Geoscience’s D. Sarah Stamps to spearhead $1.4 million NSF grant to build key cyberinfrastructure project
D. Sarah Stamps, an assistant professor in Virginia Tech’s Department of Geosciences, is spearheading an effort to speed up access that fellow geoscientists have to the volumes of data that exist in her field.
The effort is part of a $1.4 million National Science Foundation EarthCube Integration grant, with co-investigators Zachary Easton, an associate professor and Extension specialist, and Daniel Fuka, a research scientist, both in the Department of Biological Systems Engineering, part of the Virginia Tech College of Engineering; Professor Anne Sheehan and research scientist Scott Peckham, both at the University of Colorado; and James Gallagher and Dave Fulker of the nonprofit scientific data center OPeNDAP. The Virginia Tech Department of Geosciences is part of the College of Science.
Stamps, Easton, and Sheehan will use their existing NSF-funded scientific projects on surface-mantle interactions, hydrology, and seismology, respectively, to test new cyberinfrastructure developed by Fuka, Peckham, Gallagher, and Fulker.
The cyberinfrastructure is a “broker” titled BALTO — short for Brokered Alignment of Long-Tail Observations — which acts as an access point for scientists to obtain data from a wide range of databases in disparate formats that are then reformatted for the scientists’ needs. (In this case, “long tail” refers simply to data that is difficult to access by computer, most likely because of the age of the information.)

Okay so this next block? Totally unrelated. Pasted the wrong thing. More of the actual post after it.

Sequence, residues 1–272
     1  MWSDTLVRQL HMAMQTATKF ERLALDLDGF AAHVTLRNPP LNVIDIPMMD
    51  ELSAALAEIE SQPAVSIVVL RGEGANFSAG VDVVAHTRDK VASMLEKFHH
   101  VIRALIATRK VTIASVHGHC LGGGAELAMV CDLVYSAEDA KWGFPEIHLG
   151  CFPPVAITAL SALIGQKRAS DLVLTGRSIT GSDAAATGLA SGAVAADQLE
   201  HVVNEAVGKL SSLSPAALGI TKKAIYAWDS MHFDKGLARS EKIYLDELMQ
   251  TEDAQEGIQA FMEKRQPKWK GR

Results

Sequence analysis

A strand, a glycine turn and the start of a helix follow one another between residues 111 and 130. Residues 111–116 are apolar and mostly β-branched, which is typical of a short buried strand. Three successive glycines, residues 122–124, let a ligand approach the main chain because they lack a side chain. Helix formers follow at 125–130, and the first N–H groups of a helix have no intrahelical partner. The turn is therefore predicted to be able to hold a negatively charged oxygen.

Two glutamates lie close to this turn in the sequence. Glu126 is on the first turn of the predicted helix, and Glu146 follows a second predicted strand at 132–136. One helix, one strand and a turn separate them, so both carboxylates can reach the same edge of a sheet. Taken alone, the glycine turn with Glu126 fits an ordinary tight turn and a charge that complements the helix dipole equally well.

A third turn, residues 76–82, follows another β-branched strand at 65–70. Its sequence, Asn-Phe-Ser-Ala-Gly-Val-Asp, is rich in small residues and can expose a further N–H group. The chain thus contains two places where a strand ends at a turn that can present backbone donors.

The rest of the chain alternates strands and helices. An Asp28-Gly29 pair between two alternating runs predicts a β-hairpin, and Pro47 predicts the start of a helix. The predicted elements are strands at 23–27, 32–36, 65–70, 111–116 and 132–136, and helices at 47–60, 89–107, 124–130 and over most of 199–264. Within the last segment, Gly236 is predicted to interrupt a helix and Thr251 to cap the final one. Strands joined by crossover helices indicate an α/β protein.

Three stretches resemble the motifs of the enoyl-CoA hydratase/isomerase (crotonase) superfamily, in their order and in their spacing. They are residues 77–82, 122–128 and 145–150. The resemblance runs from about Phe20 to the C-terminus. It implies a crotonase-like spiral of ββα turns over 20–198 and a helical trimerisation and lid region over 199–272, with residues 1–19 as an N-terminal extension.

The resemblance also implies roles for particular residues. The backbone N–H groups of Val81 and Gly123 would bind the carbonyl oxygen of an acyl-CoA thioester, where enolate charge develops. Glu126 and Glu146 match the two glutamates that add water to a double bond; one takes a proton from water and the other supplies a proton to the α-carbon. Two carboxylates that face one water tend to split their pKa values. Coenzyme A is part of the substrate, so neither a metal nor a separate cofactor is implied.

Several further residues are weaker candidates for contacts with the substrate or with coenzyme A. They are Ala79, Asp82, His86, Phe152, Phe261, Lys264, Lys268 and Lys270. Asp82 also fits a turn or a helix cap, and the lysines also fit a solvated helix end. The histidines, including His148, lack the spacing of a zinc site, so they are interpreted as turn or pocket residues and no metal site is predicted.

“There are several facets of the project,” Stamps said. “The Department of Geosciences’ scientific team at Virginia Tech is testing how the surface moves in response to deeper subsurface processes.”
BALTO will allow Stamps’ team to streamline access to files in the NSF geodesy and seismology archives and build on accessors developed by Easton and Fuka under a previous EarthCube effort.
Easton’s team aims to advance work to understand watershed processes by combining a wide range of datasets from different sources, such as hydrology data from the United States Geological Survey. Sheehan’s University of Colorado team will use BALTO to both share and access datasets related to silent earthquakes so her team can better understand subduction processes.
The scientific groups will be able to use BALTO to expedite their research in an effort known as reduced time-to-science. “Collaborating in the BALTO project will provide us with a way to make our earthquake and geodetic data products more accessible to the wider community,” said Sheehan. This boost in access to complementary datasets might lead to unexpected discoveries, she added.
“This new NSF cyberinfrastructure will help researchers to achieve their scientific objectives by increasing reach to more types and volumes of data with a single point of entry rather than accessing disparate databases at a slower pace,” Stamps said.
Written by Jessie Rogers, of Suffolk, Virginia, a senior in the Department of English, part of the College Liberal Arts and Human Sciences